Craft ACT celebrates Women in Design with four new solo exhibitions

Women in Design presents four solo exhibitions by Kelly Austin, Chelsea Lemon, Lynette Lewis and Zoë Veness, as a centrepiece of the DESIGN Canberra festival. The exhibitions are a celebration of the creativity and contribution of women to the contemporary craft and design sector, proudly positioning the work of female artists at the forefront.

Mary Featherston, interior designer and one of the inaugural inductees into the Design Institute of Australia Hall of Fame, will officially launch the exhibitions on 16 November. Mary was the life and design partner of Grant Featherston which included collaborations with iconic Australian mid-century architects Robin Boyd and Roy Grounds. Mary is also an influential and sometimes controversial designer of child-centred learning environments and is a Fellow of the Design Institute of Australia and a Senior Fellow, University of Melbourne.

Canadian born, Tasmanian-based ceramic artist Kelly Austin explores illusion and the relationships of ceramic objects in subtle still life compositions. While some forms are grounded in utility and familiarity, others are more ambiguous and abstract, prompting the viewer to consider the nature of perception. The works in A Space for Softness are notable for their refined visual language of unassuming beauty, with quiet shifts in surface quality from matt to gloss enhancing their subtlety and detail.

image: Kelly Austin, stilled composition no.30, 2017, stoneware, porcelain, glaze, timber, acrylic paint. Photo: Peter Whyte Photography

As her first solo show, Parquetry Meets Plant marks a significant moment in the career of local furniture designer Chelsea Lemon. Her distinctive use of parquetry, a technique involving intricate inlays of wood veneer, is celebrated in the form of wall-mounted pieces, sculptural objects and a shimmering dining table. For Lemon, plants spark curiosity - they hold unique personalities through shape, form and changing qualities. Her work explores how these qualities can be represented through the organic arrangement of parquetry, bringing the outside environment into the home.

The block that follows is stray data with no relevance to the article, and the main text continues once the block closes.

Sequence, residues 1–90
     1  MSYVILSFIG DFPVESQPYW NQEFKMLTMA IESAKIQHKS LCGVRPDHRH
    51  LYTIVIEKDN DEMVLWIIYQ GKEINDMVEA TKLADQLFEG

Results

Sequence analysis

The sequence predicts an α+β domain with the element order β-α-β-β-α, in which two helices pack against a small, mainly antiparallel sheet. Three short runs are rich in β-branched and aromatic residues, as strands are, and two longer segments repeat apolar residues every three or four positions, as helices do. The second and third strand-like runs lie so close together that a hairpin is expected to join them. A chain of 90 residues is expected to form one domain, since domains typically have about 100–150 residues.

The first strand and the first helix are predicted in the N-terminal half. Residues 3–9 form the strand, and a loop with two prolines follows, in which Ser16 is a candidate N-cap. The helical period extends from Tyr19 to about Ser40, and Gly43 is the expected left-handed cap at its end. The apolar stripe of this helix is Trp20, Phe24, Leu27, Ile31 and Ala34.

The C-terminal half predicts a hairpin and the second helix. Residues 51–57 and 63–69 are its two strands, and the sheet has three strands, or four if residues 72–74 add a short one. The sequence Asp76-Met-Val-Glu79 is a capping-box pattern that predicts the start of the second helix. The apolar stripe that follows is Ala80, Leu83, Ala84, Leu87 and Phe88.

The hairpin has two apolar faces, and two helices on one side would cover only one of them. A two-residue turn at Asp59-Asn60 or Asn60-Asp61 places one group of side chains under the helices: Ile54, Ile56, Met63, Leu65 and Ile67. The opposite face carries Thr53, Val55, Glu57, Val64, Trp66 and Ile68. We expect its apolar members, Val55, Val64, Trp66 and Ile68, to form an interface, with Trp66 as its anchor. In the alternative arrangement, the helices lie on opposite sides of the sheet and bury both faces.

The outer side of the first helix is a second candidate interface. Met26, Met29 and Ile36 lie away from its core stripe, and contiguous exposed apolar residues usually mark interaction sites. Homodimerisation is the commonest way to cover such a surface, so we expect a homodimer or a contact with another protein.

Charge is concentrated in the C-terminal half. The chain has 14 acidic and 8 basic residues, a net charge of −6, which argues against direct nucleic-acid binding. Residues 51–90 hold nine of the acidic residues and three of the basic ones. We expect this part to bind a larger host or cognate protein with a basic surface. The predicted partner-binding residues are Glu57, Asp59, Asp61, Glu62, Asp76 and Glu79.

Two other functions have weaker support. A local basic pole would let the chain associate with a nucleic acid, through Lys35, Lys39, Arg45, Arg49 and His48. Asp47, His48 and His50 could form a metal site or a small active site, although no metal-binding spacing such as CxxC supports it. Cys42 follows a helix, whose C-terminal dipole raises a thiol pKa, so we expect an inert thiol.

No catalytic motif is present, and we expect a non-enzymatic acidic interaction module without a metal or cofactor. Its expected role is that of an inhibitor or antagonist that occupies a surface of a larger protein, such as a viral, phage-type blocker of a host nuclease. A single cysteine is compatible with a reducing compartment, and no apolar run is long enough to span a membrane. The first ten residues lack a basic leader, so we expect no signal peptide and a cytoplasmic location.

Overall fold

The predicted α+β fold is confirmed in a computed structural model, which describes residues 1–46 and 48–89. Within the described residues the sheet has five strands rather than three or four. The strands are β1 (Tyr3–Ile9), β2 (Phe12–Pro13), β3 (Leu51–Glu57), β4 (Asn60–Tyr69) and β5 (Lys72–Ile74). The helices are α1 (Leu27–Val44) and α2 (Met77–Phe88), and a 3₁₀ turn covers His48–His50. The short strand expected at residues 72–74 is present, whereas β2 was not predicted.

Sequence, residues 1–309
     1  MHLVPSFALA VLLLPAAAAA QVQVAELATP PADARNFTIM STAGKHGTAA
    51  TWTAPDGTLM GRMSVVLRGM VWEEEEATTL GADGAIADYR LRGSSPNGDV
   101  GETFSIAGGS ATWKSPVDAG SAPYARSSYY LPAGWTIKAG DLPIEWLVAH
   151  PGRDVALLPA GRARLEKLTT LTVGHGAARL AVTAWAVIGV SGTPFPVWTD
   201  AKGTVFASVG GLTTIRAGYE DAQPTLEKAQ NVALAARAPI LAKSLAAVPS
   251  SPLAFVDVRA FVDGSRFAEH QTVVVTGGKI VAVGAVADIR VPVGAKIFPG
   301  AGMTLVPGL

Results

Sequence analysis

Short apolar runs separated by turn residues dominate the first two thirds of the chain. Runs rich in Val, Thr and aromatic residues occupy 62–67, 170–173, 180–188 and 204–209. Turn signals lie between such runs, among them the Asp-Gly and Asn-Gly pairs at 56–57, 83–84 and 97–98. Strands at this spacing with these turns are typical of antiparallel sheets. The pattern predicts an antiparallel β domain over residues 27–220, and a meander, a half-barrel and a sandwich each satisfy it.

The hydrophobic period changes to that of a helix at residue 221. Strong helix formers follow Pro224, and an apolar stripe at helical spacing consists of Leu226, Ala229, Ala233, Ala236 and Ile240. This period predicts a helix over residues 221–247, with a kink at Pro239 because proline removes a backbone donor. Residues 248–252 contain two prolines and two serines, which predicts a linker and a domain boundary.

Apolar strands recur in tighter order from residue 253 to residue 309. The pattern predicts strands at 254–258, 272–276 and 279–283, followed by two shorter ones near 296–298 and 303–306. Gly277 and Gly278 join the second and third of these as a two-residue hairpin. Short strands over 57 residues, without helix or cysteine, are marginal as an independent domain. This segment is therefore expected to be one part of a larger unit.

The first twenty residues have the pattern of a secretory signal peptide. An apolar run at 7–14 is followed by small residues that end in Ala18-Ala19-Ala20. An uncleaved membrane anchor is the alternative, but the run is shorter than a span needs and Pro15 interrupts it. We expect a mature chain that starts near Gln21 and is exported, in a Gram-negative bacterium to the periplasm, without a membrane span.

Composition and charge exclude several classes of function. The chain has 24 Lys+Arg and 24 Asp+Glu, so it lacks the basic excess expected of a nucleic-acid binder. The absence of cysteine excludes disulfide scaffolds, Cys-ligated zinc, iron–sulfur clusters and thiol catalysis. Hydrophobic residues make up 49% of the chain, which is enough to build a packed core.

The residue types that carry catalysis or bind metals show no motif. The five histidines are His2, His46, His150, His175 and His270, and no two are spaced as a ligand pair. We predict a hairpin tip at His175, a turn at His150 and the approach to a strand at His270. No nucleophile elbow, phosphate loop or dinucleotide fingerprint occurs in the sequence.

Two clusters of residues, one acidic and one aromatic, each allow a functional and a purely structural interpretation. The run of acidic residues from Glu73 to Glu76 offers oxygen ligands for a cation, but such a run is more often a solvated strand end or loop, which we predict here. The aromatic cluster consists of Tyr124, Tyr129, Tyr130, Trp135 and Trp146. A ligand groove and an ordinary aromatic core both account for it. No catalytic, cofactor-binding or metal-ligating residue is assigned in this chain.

image: Chelsea Lemon, Twisty Vines, 2017. African Yaya.

Lynette Lewis is an artist, ceramicist and jeweller from Ernabella Arts, Pukatja community, APY Lands, in South Australia. Mara Ninti – Clever Hands, her first solo show, features a series of vibrant necklaces created through the Indigenous Jewellery Project (IJP) and in collaboration with contemporary jeweller Melinda Young, and IJP curator Emily McCulloch Childs. Using a combination of natural seed beads and wayanu (quandong) seeds cast in resin, Lewis continues the Anangu liritja (necklace) tradition of her homeland whilst extending it into the contemporary jewellery realm.

image: Lynette Lewis, Liritja (Necklace), 2017, resin wayanu tatu (quandong seed) & resin gumnut, coral, glass, wood. Ernabella Arts & The Indigenous Jewellery Project. Photo: Daryl Gordon

Contemporary jeweller Zoë Veness developed New Terrain in an Old World in response to her relocation to Hobart from the South Coast of NSW in 2016. Through jewellery, objects and photographs, Veness explores the ancient landscape and fragile complexities of Kunanyi (Mount Wellington). Here nature and culture coalesce with vessels echoing landscapes and a large necklace loop of butterfly wings referencing the ptunarra brown, a threatened species found only in Tasmania.

image: Zoë Veness, A landscape of our making: vessels and objects, 2017, copper, brass. Photo: Peter Whyte Photography